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The present Church on Edzell Muir dates

from 1818, although Christian worship has been practised in the area, since the 9th century. Various factors and events have determined the present, including the Reformation, the development of the

planned town of Edzell, the Disruption which promoted the establishment of the Free Church. And, the union of Free Church and Church of Scotland. As well as the demise of smaller local Churches.

Copyright: Dundee Central Library 2003

Edzell Church Bi-Centenary

(18/11/18 )   Anniversary Reflection By

Rev. John Forbes 

It was with enormous thanks that I accepted this invitation from your Minister Wayne with a note from your Session Clerk Andy to come and join you on such an important occasion, the 200thAnniversary  of the opening of this fine Kirk.   


I was given one guide why I was chosen to say this piece, my being the oldest living minister amongst other good minister friends here.   One of them I was first to meet was when the Angus Presbytery Youth Group came to share a service here.   A very friendly, supportive, and committed social worker who was the leader and has since become a good friend, Alan Watt, later to become your minister.


Hence my remit is to fill in a few memories between 1982 and the Millennium, when largely under the leadership of your Elder Judith Hay and a good team behind her, you opened that splendid hall at the North end of this Kirk.  I was to retire at Easter in 1999 in the hope that with the new Millennium you would find new life and new insight in the Faith.   I am sure that every Minister when he comes has something new and something hopefully essential, different in the way of emphasis to his predecessor.     But my leaving put you in a quandary… a poem written by somebody in that Easter Magazine to quote.


The meenester is leaving, He’s put us in a swither, fur we cannot aa agree. On the wey tae choose anither.        Some say that wi a bachelor, attendances wid double-. But lassies fechting o’er him, wid cause a load of trouble.   There’s a rumour gaun aboot that we’ll maybe get a wumman- , But half of us will leave, if its yin of them that’s a comin.      Masel ah,m for a young man wha’ll bring the Kirk to life,  an veesit aa the auld folk- but he’ll need to hae a wife.   Ye ken there aya has been a wife,  Tae rin the Guild an aa-   And really change in any form, We canny thole at aa!   And really change in any form we canna thole ava.      I remember as an Interim Moderator at Fyvie before coming to Edzell, an old farmer there and Elder telling me …”Mr Forbes there has been many changes since I have become an elder and I have been agin the lot!   Over to you with that and you have done very well.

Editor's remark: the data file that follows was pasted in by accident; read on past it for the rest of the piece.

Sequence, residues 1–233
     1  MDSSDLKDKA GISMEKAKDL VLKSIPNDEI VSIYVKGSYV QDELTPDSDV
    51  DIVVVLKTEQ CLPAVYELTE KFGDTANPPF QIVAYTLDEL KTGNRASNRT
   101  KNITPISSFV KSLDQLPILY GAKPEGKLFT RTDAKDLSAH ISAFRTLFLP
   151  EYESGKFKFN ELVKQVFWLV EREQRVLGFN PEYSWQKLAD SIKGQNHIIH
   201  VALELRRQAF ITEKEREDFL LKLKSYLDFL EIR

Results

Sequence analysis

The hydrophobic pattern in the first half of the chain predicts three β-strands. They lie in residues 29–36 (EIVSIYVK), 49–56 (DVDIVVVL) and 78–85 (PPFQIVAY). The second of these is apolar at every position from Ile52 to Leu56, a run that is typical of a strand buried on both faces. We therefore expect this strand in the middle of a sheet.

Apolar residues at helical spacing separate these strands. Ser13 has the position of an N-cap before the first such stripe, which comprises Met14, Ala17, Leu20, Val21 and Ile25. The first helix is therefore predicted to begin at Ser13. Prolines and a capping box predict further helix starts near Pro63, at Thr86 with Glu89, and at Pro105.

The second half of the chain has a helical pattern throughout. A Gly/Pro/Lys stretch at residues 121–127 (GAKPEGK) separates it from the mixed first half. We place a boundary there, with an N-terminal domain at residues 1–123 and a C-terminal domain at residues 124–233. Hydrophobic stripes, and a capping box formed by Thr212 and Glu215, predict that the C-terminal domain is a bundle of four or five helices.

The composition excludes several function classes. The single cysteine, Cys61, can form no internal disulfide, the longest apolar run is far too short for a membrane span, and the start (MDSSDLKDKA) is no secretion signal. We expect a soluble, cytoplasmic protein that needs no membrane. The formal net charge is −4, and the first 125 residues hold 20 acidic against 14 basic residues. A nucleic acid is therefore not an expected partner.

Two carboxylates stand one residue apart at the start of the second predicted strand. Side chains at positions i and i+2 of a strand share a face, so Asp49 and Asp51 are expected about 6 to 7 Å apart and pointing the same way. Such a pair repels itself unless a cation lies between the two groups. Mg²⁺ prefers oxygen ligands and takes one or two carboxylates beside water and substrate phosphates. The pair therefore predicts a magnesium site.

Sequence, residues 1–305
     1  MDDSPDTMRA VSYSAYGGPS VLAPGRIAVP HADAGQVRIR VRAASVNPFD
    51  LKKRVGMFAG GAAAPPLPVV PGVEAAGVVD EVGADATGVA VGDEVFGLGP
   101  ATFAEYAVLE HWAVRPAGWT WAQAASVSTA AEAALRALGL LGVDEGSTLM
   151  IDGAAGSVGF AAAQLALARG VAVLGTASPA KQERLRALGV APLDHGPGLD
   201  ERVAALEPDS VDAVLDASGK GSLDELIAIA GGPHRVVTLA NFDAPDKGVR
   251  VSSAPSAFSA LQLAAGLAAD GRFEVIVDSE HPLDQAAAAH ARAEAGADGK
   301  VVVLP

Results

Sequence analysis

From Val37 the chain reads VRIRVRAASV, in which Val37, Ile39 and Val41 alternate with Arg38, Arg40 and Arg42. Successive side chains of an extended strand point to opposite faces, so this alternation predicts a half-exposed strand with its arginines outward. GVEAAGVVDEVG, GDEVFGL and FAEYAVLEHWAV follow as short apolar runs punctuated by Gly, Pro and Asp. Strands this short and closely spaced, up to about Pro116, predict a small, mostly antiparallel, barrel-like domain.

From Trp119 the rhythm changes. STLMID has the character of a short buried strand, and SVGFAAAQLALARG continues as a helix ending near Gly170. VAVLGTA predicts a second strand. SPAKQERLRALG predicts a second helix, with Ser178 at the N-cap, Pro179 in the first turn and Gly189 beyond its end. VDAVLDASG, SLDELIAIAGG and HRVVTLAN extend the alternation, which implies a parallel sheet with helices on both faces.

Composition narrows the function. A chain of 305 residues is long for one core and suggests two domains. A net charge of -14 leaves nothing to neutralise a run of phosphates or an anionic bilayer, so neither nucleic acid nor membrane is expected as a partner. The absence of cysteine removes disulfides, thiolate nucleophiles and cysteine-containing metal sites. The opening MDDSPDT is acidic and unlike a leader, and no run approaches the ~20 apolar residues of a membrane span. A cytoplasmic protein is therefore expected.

A great boost to my particular ministry during those 18 years was the support I got from the session with Allan White, David Myles as Session Clerks, John Tulloch as Treasurer:  Bob Ingles, Alec De Costa and Travers Legge as property conveners never forgetting up the Glen Jim Caithness and Andy Scott a great character. It was Alec De Costa’s expertise with electronics that got the sound reinforcement into this Church.   Maybe it was too perfect because one elderly and very deaf lady who had been a regular attendant at the Kirk, who was not seen again when she could hear exactly what was being said.   But it is amazing how we managed to agree to anything, David Myles, Travers Legge, John Tulloch and myself.    All of us bar John were pretty deaf and may have had some surprise when the agenda came out at the Kirk session meeting, to read what we had apparently all agreed in the manse at this agenda meeting.  


Incidentally you may remember Mitzi the dog one of our most regular attenders and Matthias, a German Doctor who sang in the choir, who used to bring his horse and tie it up to a tree.   you will remember the American Navy and Marines across the Northesk…how close we all were.


 The chaplain at the base always shared in our Christmas Eve service and the Nativity scene, is it still being used?... was gifted by the US Navy and rumour has it that it crossed the Atlantic in the first place in a nuclear submarine to reach Faslane.   We were invited to their early Easter Service at their Loch ‘Wee,’ with breakfast to follow at their cook house.


The most iconic and unforgettable Christmas that I can remember here was that Christmas when the Iron curtain crumbled, that Christmas when listening to the news and watching that Berlin Wall fall and as one by one the satellite countries